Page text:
Factors associated with mortality in adults admitted with heart failure at the University Teaching Hospital in Lusaka,Zambia
Chansa, Pamela N.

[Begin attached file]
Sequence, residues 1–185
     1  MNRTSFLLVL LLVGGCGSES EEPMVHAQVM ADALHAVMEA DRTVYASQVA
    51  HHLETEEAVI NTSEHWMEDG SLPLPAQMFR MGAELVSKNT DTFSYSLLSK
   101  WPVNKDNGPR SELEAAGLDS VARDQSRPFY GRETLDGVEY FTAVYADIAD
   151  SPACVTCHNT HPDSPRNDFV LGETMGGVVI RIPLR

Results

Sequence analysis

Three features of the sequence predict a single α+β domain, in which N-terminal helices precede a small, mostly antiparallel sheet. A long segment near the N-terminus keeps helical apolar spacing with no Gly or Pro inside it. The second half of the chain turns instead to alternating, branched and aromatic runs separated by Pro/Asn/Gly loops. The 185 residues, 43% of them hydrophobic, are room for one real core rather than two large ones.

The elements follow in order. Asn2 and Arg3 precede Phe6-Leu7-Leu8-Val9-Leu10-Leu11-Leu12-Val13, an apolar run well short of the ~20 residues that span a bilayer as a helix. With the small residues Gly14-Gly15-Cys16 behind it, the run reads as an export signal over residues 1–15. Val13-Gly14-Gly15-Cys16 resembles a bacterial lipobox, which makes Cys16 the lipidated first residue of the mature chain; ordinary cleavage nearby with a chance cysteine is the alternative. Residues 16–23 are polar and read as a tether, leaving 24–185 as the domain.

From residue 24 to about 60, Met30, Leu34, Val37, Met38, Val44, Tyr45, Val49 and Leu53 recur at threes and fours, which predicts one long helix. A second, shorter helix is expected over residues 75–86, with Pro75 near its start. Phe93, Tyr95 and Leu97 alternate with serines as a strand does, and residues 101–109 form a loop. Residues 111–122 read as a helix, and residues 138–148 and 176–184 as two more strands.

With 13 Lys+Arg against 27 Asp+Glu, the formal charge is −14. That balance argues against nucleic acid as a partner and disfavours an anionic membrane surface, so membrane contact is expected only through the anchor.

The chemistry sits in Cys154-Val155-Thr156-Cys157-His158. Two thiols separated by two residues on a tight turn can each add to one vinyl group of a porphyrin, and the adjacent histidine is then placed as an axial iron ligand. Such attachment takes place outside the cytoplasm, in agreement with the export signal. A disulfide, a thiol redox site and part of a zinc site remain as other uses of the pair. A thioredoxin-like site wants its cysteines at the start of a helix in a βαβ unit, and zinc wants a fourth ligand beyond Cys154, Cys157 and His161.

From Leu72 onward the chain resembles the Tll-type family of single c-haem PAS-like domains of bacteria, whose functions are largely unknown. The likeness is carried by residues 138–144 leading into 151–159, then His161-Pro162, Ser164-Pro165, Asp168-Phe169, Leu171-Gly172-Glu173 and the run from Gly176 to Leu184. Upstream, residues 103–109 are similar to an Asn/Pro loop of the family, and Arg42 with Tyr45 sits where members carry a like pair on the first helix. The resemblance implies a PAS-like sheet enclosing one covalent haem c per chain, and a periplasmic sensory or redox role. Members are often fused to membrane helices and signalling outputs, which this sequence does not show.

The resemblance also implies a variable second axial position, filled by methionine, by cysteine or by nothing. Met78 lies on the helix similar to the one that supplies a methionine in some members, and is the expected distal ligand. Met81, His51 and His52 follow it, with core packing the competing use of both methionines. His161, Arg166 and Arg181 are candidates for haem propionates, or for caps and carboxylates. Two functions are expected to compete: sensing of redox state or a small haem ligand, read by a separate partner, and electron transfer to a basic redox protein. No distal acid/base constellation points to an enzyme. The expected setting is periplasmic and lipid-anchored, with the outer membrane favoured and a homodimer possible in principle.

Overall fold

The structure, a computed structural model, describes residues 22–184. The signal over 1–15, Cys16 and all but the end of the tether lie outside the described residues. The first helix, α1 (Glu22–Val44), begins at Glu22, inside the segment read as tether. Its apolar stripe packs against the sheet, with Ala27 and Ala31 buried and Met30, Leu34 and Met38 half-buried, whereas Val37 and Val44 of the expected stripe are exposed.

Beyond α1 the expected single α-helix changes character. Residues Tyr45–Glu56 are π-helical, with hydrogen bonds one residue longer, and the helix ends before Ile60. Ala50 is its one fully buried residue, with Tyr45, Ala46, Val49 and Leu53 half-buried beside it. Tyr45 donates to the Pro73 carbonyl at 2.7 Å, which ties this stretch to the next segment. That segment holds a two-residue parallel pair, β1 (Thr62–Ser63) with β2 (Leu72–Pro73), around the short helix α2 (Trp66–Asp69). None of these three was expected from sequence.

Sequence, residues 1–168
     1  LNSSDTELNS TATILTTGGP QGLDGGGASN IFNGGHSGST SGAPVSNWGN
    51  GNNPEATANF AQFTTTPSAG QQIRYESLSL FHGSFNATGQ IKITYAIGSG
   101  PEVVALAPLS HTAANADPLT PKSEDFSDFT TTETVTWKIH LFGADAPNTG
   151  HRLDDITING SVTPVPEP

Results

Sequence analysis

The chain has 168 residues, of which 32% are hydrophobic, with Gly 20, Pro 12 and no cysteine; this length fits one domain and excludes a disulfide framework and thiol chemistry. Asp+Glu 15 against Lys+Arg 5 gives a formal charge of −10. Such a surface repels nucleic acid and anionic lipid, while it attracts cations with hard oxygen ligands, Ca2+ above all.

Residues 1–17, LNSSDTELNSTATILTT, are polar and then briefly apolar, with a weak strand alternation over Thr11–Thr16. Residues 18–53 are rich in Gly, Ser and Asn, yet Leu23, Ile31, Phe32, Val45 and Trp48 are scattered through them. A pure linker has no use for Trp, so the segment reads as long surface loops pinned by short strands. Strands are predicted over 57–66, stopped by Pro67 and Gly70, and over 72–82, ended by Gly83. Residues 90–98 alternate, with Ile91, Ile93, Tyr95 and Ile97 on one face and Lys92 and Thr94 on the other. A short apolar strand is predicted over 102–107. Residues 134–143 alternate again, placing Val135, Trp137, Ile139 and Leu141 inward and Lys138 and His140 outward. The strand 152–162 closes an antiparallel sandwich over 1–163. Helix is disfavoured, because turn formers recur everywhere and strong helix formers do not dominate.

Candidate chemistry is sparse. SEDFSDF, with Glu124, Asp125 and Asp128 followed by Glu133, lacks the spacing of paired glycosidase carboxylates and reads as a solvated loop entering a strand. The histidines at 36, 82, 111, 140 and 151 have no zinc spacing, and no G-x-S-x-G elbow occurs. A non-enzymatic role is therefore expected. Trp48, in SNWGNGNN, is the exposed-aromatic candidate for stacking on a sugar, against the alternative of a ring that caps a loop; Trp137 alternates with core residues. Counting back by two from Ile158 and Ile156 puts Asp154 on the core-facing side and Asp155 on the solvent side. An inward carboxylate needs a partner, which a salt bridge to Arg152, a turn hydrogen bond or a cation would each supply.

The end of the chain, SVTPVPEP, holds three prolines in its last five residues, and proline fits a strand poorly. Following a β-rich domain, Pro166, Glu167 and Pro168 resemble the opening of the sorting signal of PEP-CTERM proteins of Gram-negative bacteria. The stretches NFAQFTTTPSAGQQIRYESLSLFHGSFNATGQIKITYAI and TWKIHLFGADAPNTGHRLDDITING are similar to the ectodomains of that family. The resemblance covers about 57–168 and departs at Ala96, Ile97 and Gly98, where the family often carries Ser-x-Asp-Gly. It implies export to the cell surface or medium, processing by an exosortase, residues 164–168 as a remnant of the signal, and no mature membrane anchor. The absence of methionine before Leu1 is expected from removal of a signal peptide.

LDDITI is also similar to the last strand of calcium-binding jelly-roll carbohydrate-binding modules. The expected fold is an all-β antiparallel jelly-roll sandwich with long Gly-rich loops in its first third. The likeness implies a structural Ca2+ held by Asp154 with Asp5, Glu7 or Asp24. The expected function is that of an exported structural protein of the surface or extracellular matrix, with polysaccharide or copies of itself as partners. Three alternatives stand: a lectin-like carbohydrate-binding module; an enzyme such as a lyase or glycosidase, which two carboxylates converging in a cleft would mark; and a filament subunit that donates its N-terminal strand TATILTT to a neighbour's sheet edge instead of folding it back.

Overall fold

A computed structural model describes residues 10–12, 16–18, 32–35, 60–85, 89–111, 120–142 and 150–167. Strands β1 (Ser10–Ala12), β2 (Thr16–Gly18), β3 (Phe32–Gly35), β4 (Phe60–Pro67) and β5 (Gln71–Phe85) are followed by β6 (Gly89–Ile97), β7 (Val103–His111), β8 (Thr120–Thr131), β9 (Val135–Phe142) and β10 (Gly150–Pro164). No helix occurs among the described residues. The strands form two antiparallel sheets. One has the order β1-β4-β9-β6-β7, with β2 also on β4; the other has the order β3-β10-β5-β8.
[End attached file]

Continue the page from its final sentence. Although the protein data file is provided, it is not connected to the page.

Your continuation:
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Background Heart failure is a major public health problem and has been recognized as an important cause of morbidity and mortality for several years. It is one of the leading non-infectious causes of death among hospitalized patients at the University Teaching Hospital (UTH) in Lusaka, Zambia. This study aimed to investigate the predictors of 30-day mortality in heart failure patients admitted to the medical wards at the UTH using routinely obtained clinical data. Methods We enrolled 390 heart failure patients and followed them up over a period of 30 days. Data collected included demographic characteristics (age, sex), medication use and co-morbidities (hypertension, diabetes mellitus, HIV). Clinical data included vital signs, blood urea, serum sodium, serum potassium, serum creatinine, and haemoglobin level. Trans-thoracic echocardiographs and electrocardiographs were also done to determine LVEF and to check for the presence of arrhythmias. Patients were dichotomized into those with preserved (LVEF>=40 percent) and reduced (LVEF< 40 percent) systolic function. Recruited patients were then prospectively followed up to determine outcome by day 30 (i.e. dead or alive). Cox proportion Hazard regression analysis (on Epi Info software version 3.5.3) was used to analyse the effect of each of these parameters on outcome. Results Of the recruited patients, 59% were female (95% CI 54-64). The median age was 50 years (IQR 33-68). A significant proportion of patients had not been previously hospitalized with heart failure (64%, 95% CI 59-69). 138 patients (35%, 95% CI 31-40) died within 30 days of admission. 94 (68%) of these deaths occurred in-hospital. The factors shown to be independent predictors of death on multivariate logistic regression analysis were LVEF<40 percent (OR=2.86, 95%CI 1.68- 4.87), NYHA class IV (OR=2.15, 95%CI 1.27- 3.64), serum urea above 15mmol/L (OR=2.48, 95%CI 1.07-5.70), and haemoglobin level below 12g/dL (OR=1.79, 95%CI 1.11-2.89). The additional factor associated with increased risk of mortality on univariate analysis was systolic blood pressure below 115mmHg (OR=1.63, 95%CI 1.05- 2.51). However, serum creatinine (OR=1.49, 95%CI 0.49-4.48) and HIV status (OR=0.96, 95% CI 0.53-1.72) had no bearing on the risk of death in this patient population. Conclusions LVEF <40 percent is a predictor of poor 30-day outcome in hospitalised heart failure patients at the UTH. In order to help improve survival, heart failure patients admitted to hospital need to be triaged according to risk in order to monitor patients closely and institute potentially life-saving measures when indicated.
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